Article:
George Michael of George Michael's Sports Machine passed away this weekend. I didn't realize it growing up, because I lived in Michael's home base of DC, but his show was syndicated across the country pretty early in its existence. It was, towards the end of its run, a show many insomniacs across the country might recognize as the SportsCenter for people who could not afford basic cable. In fact, some younger readers may have only heard tell of the Sports Machine--with the rise of the Internets and the Cable, the Sports Machine wasn't as needed as it once was. But once upon a time, it was one of the Most Important Shows in the World.
For a kid of 10 years of age in 1984, with no cable to speak of, the Sports Machine was incredibly important to get a real dose of sports highlights at the end of each week. (Also, to be frank--an era in which ESPN was available, but showing things like The Championship of Duck Pin Bowling. Seriously. Kids, ask your parents)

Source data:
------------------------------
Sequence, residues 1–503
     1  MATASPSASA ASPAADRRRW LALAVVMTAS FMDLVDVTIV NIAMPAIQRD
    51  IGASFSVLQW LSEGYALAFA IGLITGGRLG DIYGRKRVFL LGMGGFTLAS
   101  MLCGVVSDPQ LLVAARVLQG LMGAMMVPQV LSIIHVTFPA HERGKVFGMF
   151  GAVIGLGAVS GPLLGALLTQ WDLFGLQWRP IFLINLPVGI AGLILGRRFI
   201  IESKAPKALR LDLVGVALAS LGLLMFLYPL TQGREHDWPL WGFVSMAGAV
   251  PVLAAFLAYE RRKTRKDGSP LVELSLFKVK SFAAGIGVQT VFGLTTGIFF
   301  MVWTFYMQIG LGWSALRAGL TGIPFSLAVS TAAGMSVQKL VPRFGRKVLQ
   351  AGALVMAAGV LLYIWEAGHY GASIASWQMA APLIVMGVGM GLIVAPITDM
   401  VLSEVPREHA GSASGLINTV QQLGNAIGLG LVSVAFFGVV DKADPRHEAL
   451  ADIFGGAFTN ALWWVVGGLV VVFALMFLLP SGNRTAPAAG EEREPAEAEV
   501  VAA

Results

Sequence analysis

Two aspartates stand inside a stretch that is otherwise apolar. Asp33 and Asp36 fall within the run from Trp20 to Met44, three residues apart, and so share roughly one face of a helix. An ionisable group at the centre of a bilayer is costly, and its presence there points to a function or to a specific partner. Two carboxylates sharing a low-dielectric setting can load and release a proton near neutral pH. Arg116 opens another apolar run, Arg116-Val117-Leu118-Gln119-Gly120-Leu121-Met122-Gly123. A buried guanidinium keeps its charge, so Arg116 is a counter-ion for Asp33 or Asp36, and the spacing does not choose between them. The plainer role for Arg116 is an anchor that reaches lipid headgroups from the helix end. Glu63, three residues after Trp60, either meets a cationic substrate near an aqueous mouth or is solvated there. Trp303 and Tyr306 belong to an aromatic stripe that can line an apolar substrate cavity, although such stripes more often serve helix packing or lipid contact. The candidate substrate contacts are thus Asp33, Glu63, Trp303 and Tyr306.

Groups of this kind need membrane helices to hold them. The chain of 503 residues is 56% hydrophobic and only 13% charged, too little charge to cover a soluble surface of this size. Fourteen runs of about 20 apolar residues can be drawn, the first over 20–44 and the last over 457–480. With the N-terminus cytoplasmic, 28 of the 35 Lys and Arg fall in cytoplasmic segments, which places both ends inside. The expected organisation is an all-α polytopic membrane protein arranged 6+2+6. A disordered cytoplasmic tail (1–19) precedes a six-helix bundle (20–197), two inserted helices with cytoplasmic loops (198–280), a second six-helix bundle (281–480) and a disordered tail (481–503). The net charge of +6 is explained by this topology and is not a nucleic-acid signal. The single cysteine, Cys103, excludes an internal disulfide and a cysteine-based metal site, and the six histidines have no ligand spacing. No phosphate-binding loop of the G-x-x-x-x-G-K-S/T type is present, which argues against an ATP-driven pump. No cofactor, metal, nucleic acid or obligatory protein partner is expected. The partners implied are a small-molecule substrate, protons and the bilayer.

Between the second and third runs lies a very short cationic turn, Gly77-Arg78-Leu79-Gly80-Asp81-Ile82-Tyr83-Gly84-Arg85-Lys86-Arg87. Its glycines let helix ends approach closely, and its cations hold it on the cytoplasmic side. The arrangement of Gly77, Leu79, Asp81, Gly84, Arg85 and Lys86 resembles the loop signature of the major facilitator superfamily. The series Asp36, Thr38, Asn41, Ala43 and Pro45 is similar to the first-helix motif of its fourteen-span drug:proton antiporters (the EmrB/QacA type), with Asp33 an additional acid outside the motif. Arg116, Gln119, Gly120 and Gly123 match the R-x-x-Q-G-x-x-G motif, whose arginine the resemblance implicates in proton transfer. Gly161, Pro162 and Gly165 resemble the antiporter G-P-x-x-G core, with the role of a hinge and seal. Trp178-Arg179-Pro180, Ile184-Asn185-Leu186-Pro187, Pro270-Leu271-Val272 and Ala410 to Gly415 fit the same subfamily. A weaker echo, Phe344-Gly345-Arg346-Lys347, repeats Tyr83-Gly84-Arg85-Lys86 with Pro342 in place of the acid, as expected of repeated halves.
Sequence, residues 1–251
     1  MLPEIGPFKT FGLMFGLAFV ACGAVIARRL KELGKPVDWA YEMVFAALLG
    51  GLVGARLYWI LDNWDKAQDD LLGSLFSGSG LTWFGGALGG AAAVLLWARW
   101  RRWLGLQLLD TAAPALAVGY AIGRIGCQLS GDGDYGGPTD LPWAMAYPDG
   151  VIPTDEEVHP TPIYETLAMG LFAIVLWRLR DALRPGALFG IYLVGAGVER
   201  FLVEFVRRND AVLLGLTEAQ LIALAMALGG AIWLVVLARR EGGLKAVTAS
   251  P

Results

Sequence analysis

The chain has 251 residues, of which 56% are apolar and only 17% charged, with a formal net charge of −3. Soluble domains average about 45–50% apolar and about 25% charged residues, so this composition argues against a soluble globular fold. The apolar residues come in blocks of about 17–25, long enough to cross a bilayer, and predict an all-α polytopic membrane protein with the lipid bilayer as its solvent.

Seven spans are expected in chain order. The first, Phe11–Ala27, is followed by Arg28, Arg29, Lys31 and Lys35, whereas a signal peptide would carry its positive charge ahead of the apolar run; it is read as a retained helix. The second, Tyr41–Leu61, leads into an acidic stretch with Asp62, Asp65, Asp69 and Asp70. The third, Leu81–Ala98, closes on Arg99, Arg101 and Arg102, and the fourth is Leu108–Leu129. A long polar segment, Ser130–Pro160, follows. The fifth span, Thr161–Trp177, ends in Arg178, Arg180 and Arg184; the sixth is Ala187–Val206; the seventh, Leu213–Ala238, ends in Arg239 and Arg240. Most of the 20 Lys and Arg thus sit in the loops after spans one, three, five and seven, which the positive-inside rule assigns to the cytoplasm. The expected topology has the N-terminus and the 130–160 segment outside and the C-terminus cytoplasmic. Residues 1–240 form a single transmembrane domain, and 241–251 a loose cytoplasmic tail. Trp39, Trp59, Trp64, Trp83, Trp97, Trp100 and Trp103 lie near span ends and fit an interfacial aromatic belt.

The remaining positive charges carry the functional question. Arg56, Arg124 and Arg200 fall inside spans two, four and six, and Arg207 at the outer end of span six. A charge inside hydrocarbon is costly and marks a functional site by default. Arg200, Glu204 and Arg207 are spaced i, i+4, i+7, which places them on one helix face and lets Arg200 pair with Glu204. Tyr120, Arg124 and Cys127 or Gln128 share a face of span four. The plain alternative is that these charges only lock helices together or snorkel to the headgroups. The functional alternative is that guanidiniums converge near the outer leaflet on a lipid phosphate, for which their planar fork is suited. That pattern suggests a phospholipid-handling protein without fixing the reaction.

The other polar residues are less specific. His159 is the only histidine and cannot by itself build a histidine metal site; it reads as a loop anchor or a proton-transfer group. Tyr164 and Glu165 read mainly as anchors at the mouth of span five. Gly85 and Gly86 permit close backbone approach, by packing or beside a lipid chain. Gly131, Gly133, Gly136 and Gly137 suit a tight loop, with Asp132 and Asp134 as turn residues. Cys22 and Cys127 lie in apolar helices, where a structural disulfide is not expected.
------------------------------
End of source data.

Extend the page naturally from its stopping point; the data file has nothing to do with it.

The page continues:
The Sports Machine set was ridiculous throughout it's run. The motif suggested that Michael was somehow running a giant computer in which the highlights were stored. The cheesiness (which stayed throughout the run of the show) was something glorious to behold.
In a lot of ways, George Michael was a trailblazer in the development of sports highlight packaging. He was not the most entertaining of broadcasters; he was not my choice for my nightly sports reporting (that went to Glenn Brenner), but dammit The Sports Machine with Michael's weirdly wooden staccato delivery, low budget values, and often poor video was an important part of how I got sports delivered to me for a good chunk of my life (including times in my adult life when I couldn't afford cable, and discovered that the Sports Machine was available even in the frozen north of the Twin Cities.)
So thanks, and fare thee well, George Michael. On behalf of kids in the DC Area (and sleepless drunks everywhere else) thank you for the Sports Machine. Let's Go the Videotape!